Tuesday, July 15, 2014


Hello, everyone.
We spent two nights in Pamplona. Along with eating the Sepia a Basque (Squid with garlic/parsley sauce) we went to two museums, took a picture of the place the future Saint Ignatius of Loyola was wounded in battle, and found the camino supply shop Caminoteca. Where we bought me a pink fleece top so I could stop freezing to death. Caminoteca is a sweet little hiking supply shop--a selection of souvenirs, of course, some clothes for hiking in, and various books about the Camino. It's just down from the Cathedral and is well worth the stop if you, like us, are needing to pick up a couple of things.
Before the other pictures of the city, my sweetie took this of my feet:
This was all from the two days walking in soaking wet boots. They began to heal with the day of "rest" and no-boots in Pamplona. We wore our shower sandals all over the city. We also learned the value of taking Bufferin at bedtime to bring down swelling.

Pamplona has a lot of neat things to look at. We saw a cool sculpture of the bulls running:
You can also see in the background that many of the apartments have potted plants on their balconies. The northern Spanish towns and cities were full of lovely flowers, and often people who had only an apartment balcony cultivated beautiful pots of flowers there.
The place where, so to speak, grace struck Ignatius of Loyola:
Grace in the form of a cannonball, that is.
The Museum of Navarra had beautiful art on display, including beautiful floor mosaics, wall frescoes that used similar motifs as the floor mosaics from later years, statues of saints, and various altar treasures.
The Cathedral and the Church of St. Nicholas are both beautiful.
The Cathedral Museum had a very good exhibit on the history of Western culture. I learned that the Poema de mi Cid was written approximately at the same time as Beowulf. They also had archeological excavations that had been done there, which had uncovered a Roman village, now displayed with a walkway and some videos.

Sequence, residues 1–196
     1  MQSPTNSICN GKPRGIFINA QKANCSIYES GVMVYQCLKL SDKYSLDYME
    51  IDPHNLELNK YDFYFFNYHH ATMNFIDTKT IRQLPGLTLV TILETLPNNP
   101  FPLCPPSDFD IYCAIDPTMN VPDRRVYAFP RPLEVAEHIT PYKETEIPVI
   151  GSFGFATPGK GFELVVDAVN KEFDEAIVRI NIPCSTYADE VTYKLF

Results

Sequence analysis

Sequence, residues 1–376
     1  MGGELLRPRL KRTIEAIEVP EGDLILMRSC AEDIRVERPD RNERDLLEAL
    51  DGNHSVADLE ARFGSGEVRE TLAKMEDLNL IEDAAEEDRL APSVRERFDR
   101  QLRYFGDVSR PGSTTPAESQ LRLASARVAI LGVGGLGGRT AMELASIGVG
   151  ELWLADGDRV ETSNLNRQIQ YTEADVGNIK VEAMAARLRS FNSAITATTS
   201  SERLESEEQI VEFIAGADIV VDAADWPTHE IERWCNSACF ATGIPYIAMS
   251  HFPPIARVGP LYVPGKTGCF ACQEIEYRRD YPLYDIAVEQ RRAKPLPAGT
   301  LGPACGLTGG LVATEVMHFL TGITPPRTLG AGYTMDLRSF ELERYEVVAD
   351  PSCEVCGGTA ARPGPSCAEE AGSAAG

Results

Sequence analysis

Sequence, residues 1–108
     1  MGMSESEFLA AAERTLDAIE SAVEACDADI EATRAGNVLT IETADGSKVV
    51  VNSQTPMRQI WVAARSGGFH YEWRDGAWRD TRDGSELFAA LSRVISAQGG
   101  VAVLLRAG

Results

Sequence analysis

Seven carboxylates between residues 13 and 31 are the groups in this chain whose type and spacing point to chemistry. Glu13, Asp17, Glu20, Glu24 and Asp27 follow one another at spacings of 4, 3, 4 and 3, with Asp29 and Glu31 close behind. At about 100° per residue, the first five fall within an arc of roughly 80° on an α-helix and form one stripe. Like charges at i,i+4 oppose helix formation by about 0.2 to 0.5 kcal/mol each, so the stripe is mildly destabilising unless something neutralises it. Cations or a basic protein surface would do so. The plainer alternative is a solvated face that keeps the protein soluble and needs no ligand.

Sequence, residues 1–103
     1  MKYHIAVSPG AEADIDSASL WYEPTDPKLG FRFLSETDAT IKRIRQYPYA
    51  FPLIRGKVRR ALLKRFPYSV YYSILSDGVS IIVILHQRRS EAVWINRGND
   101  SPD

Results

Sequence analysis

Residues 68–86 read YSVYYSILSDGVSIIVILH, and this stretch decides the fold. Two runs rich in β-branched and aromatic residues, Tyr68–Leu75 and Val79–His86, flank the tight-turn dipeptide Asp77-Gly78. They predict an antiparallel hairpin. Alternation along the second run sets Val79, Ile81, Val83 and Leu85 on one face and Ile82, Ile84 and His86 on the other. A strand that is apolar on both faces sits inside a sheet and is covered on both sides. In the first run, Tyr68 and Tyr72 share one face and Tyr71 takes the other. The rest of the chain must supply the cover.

Many of the artworks from various village churches have been gathered into the museums in Pamplona, so you can see, for example, a great assortment of statues of the Blessed Mother all together and compare the different ways she is portrayed. Even in the Middle Ages, not everything was alike. Different villages had statues to her under different titles, and the anonymous sculptors certainly had different ideas of her face and the Holy Child, besides the customary clothing that is shown with the various titles (like Our Lady of Le Puy.)
Statues of the Blessed Mother, usually holding the Christ Child, from many churches in Navarra

Detail from a retablo showing thte Blessed Mother and many saints

Another retablo
The second night we stayed in Pamplona was Thursday night. This was the evening that we discovered the work week ends on Thursday, at least in Pamplona. All the prices at the bars and restaurants changed. Many more people were out and about for the evening--and the place we stayed was on the most "happening" street in the city! The last noisy drunks didn't go stumbling home until 5 am, kicking empty bottles as they went.
My sweetie's watch sounded at 5:30 am and we got up to begin walking again, in our newly-dry shoes.
We had about 716 kilometers more walking to reach Santiago.